Lilypie Third Birthday tickers

Lilypie Third Birthday tickers

Friday, January 30, 2009

RSV shots

After finally receiving the "ok" from our insurance company, a nurse from Woman's Hospital's Home Health Care came out today to administer the RSV shot to all three of our babies. In case you don't know what RSV is or stands for, I will add a description below this post.

Of course we had to complete all kinds of paperwork first and I felt like I signed my life away as usual. Unbelievable how many signatures are required especially when you have triplets since EVERYTHING has to be done separately for each baby. After completing the papers, the nurse then checked the babies' vital signs and weights. And here are their new weights at 6 weeks:

Tyler: 8 pounds 13 ounces (5lbs4oz at birth)
Julie: 6 pounds 11 ounces (3lbs12oz at birth)
Noah: 7 pounds 11 ounces (4lbs5oz at birth)

I am pretty sure the pediatrician will take them all off the 22 calorie formula at their next visit since they are gaining weight extremely well. I won't complain since it is very difficult to find!

After all three babies were checked and weighed, the nurse then administered the shot. They all cried for about 10 seconds which broke my heart (I can't stand seeing any of my babies in pain!) but fortunately they all got their pacifier dunked into some sugar water which made their shots a little "sweeter." Of course there's not such thing as making any shot sweeter but it put my mind at ease. After about 5 or so minutes, the nurse checked the babies' temperatures and heart rates and left us with some sleepy but hungry babies. I am happy to report that they are all doing well and you couldn't even tell they got such a "big" shot today!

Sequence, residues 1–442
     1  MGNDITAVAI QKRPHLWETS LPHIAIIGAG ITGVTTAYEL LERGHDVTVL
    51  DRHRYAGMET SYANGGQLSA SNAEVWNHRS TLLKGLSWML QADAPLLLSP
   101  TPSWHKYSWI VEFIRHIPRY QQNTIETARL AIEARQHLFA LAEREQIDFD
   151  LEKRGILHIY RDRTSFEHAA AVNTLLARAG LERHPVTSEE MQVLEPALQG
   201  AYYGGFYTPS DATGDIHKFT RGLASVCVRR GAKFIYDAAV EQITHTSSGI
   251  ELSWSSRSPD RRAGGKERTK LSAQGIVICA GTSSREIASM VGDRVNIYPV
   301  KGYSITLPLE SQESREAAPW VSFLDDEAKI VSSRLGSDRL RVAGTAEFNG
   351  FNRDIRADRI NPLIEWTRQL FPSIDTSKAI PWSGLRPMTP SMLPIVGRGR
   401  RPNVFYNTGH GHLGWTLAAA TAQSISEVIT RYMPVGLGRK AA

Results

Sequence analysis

Respiratory syncytial virus (RSV) is a major cause of respiratory illness in young children. RSV causes infection of the lungs and breathing passages. In adults, it may only produce symptoms of a common cold, such as a stuffy or runny nose, sore throat, mild headache, cough, fever, and a general feeling of being ill. But RSV infections can lead to other more serious illnesses in premature babies and kids with diseases that affect the lungs, heart, or immune system.
RSV is highly contagious, and can be spread through droplets containing the virus when a person coughs or sneezes. The virus can also live on surfaces such as countertops or doorknobs, and on hands and clothing. RSV can be easily spread when a person touches an object or surface contaminated with the virus. The infection can spread rapidly through schools and child-care centers. Infants often get it when older kids carry the virus home from school and pass it to them. Almost all kids are infected with RSV at least once by the time they are 2 years old.
RSV infections often occur in epidemics that last from late fall through early spring. Respiratory illness caused by RSV — such as bronchiolitis or pneumonia — usually lasts about a week, but some cases may last several weeks. Doctors typically diagnose RSV by taking a medical history and doing a physical exam. Generally, in healthy kids, it's not necessary to distinguish RSV from a common cold. But in cases where a child has other health conditions, a doctor might want to make a specific diagnosis. RSV is typically identified in nasal secretions, which can be collected either with a cotton swab or by suction through a bulb syringe.

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